SHA-1 checksums to be replaced with something better at ?

Werner Koch wk at
Fri Mar 18 08:21:30 CET 2016

On Thu, 17 Mar 2016 20:44, dkg at said:

> FWIW, the threat model of digest algorithms being published on an HTTPS
> website that then links to the file to be downloaded is much easier to
> work around than by compromising SHA-1's preimage resistance (or even

I fully agree and I view cecksums only as the last resort to verify
something downloaded.  However sometimes it is required - there are some
OS which do not have gpg installed (OpenBSD, Windows) and there need to
be a way to bootstrap the installation.

Of course the checksums on the web page are not sufficient and they do
only work because we also announce them by mail and also by means of a
signed file ({,.sig).  Any non-targeted tampering of
the checksum will likely be reported soon.  In fact we had such reports
in the past due to a c+p bug by me.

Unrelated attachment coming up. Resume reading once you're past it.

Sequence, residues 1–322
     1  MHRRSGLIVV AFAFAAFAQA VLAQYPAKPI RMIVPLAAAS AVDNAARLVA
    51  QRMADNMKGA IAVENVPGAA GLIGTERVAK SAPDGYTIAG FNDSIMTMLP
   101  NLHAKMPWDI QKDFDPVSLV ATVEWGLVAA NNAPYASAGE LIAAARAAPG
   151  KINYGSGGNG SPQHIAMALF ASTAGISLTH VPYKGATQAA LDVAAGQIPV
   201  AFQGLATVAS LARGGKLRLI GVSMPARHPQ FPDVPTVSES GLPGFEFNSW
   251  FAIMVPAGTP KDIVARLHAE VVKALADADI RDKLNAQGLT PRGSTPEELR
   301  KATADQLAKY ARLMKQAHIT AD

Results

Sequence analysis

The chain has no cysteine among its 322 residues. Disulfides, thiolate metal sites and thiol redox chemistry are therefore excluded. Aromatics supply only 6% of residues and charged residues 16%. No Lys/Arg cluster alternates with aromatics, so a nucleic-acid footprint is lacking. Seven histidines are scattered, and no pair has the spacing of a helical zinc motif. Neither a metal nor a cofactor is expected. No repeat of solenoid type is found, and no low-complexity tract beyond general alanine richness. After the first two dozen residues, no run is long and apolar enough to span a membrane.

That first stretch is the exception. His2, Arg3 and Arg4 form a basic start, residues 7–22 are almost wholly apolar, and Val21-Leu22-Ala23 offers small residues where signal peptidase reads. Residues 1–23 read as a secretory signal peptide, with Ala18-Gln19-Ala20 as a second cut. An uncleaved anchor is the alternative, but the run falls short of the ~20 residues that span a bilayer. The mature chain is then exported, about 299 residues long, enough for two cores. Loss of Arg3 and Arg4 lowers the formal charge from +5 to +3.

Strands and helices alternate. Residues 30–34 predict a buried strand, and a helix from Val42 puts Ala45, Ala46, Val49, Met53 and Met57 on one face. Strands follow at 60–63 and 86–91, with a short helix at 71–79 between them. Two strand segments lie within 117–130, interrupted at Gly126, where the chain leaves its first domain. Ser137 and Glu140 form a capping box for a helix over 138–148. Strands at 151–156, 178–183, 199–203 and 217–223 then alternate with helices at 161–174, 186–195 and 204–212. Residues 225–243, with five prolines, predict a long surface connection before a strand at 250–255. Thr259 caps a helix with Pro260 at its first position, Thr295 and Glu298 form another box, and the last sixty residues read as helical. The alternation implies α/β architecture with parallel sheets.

I'll look at how we can improve the description on the web page.

> However, it makes more sense to me to just move everything to sha-256
> today.  Anyone who actually checks the digests should be capable of
> using sha256 today, and it would avoid this sort of question coming up

Most people are actually not able to check even the SHA-1 checksums
because they are missing a tool to do so (e.g. Windows) and have not the
knowledge to install or compile and audit a shaXsum tool.  Further, in
my experience many users do not check the entire SHA-1 sum but just a
few of the first and last digits.  With the longer and harder to read
SHA-256 checksums this will only get worse (“oh yes, the checksum is
longer and thus safer and thus I need to compare less digits” :-().



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